Blockchain technology is fairly easy to understand, but you need to first have a grasp of some basic terminology. For example, you have to understand what "hashing" means.
Hash - this is an encryption algorithm: it takes a text, a picture, or a file and then generates a string of symbols (numbers and letters) associated with it. The same files will always end up generating the same hash. Different files will ideally always generate different hashes, but sometimes there are coincidences and the same hash is generated for differing files. This is one of the weaknesses of this encryption algorithm.
For example, I could write a message saying "Hello world," and I want to send it to my friend. But I have to check if it got to my friend in the right form, so in the form that I sent it in. You could ask to see the sent message and compare it to the one you meant to send. But this is not always a rational thing to do, for example, if your message also has an HD video and takes up a lot of memory. So to make sure your message did not change as you sent it, you use hash. If your sent message has the same hash as the received message, that means your message has not been changed.
Let's try to hash a message. Enter the words "sha-256 online" into Google. Click one of the hash calculator links Google offers you (sha-256 is one of the hashing algorithms).=
For example, the hash from the phrase Hello world looks like this:
And below we have a hash from the phrase hello world, with only lowercase letters:
There's no overlap!
You can experiment with any words and phrases. You will always get the same hash for the same words, and differing hashes for differing words.
So now we understand hash. Let's move on to the concept of "blockchain."
Blockchain is a string of encrypted blocks of code that are connected to one another.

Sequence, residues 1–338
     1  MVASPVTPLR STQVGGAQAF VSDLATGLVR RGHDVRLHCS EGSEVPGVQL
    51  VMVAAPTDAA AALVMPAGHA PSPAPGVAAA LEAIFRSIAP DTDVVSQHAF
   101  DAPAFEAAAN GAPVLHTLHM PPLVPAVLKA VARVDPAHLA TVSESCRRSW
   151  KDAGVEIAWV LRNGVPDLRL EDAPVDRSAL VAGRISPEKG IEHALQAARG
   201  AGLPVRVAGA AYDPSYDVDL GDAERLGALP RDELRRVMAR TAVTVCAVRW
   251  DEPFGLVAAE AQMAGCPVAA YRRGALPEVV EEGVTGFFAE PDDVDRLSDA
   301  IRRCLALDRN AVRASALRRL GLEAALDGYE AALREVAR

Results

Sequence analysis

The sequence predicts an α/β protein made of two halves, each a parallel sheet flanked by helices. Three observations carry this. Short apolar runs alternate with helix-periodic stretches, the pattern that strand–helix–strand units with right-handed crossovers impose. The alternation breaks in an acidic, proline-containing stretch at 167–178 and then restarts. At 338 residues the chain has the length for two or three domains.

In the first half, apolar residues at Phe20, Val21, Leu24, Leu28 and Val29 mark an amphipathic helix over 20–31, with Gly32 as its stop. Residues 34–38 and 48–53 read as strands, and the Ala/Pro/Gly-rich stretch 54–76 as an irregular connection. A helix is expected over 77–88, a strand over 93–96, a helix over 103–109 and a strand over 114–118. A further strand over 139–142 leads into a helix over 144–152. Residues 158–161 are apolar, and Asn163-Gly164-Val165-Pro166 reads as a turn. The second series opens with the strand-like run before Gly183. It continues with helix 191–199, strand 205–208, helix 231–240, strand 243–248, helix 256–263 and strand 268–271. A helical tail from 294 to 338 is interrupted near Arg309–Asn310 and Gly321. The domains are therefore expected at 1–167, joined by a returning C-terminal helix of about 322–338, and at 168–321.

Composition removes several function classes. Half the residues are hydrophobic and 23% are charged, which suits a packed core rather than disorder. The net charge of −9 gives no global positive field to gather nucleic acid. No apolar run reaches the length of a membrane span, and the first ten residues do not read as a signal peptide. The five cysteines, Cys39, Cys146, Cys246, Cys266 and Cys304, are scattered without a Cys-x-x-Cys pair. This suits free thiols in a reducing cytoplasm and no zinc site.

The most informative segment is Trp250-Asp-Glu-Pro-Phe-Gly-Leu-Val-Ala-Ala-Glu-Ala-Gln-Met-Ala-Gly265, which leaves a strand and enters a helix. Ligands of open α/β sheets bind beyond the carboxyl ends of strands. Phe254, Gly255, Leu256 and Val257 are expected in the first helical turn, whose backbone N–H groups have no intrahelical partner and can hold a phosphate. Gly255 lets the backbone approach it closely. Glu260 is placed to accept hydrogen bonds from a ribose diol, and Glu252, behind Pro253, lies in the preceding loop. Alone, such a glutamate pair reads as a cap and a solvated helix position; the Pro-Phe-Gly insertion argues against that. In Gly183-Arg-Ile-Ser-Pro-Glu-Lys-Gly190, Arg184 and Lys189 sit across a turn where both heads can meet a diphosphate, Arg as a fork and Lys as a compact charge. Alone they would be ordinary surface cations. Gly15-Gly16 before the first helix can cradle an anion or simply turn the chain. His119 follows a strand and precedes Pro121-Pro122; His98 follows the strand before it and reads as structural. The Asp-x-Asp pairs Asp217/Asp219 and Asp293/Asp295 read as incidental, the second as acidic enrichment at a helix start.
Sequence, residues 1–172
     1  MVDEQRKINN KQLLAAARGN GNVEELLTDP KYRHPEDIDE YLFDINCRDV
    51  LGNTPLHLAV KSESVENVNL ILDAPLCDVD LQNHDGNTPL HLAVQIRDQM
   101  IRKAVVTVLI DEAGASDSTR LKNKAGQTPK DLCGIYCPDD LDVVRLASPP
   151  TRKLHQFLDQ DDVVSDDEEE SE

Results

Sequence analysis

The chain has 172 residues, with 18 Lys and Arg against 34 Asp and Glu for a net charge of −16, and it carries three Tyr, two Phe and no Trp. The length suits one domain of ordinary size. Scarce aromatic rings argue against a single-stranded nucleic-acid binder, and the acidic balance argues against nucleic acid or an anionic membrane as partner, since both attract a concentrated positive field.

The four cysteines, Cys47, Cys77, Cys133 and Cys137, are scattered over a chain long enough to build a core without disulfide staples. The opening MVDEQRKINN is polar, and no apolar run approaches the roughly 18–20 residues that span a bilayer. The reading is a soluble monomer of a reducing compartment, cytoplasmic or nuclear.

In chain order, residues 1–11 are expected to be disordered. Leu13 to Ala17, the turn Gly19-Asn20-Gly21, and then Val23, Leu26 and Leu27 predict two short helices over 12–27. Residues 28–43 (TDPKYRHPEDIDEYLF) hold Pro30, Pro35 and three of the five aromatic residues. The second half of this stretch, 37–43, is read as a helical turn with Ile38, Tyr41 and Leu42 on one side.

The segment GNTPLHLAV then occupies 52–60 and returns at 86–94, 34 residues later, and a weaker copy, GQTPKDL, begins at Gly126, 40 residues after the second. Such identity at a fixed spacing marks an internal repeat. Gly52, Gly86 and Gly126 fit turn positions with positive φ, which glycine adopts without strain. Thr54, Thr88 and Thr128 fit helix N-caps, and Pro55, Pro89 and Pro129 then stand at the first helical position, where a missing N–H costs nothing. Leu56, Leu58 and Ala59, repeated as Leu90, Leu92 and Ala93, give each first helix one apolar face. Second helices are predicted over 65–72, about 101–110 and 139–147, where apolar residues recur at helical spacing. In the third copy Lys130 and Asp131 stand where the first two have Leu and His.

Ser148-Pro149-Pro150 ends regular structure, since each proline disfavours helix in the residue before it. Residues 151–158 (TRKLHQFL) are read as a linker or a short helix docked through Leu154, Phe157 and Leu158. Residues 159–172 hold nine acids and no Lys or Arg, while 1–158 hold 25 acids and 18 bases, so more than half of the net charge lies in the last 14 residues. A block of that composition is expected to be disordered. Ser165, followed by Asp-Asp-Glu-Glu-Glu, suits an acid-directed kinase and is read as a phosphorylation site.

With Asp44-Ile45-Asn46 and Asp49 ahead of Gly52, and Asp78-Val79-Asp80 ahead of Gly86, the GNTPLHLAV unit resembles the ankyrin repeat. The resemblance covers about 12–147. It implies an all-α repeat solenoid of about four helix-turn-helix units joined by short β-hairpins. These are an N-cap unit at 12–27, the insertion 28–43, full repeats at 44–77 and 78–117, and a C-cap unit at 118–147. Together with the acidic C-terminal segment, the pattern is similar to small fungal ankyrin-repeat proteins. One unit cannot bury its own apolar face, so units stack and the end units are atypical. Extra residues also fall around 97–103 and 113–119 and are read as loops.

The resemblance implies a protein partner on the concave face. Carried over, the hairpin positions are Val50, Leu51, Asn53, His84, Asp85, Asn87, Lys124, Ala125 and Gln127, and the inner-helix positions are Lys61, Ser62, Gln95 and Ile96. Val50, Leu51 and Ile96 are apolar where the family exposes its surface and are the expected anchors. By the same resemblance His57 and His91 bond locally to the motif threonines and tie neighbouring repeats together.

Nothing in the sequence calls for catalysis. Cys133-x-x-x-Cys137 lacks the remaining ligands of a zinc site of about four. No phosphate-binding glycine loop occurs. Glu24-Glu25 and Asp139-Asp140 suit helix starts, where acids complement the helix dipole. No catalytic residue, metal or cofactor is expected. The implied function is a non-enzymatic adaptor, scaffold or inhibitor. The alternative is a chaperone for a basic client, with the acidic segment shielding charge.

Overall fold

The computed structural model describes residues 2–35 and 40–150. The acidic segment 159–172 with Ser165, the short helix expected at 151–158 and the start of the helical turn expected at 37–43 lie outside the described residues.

Let's create our own blockchain. You can put anything you want in it, but for the sake of this simple exercise let's write down money transactions.
The first block will contain the following information:
Anna → Bob :: 10 dollars
Bob → Alice :: 20 dollars
Anna → Alex :: 30 dollars
You can write down this in information in your Notebook app and save it as a file titled 1.txt.
The first block in a blockchain of cryptocurrency is called a Gensis block, and it is written out by hand.
Copy the information from the first block, and go back to the website we used for the phrase Hello world. Now enter the three lines of information into the website and generate a hash. This is what we get:
Now let's create a new file called 2.txt and write down a few more transactions, and in the last line enter the result of your hashing of the previous file. Like this:
Tammy→ Paul :: 50 dollars
Julian → Kate :: 20 dollars
Save this, and calculate the hash for this entry. You get the information about transactions + the previous hash:
Now do the same thing with a third file, and so on. Do this with all the subsequent files. You can make as many as you want. And a collection of such files allows you to understand what the simple idea of "blockchain" actually entails.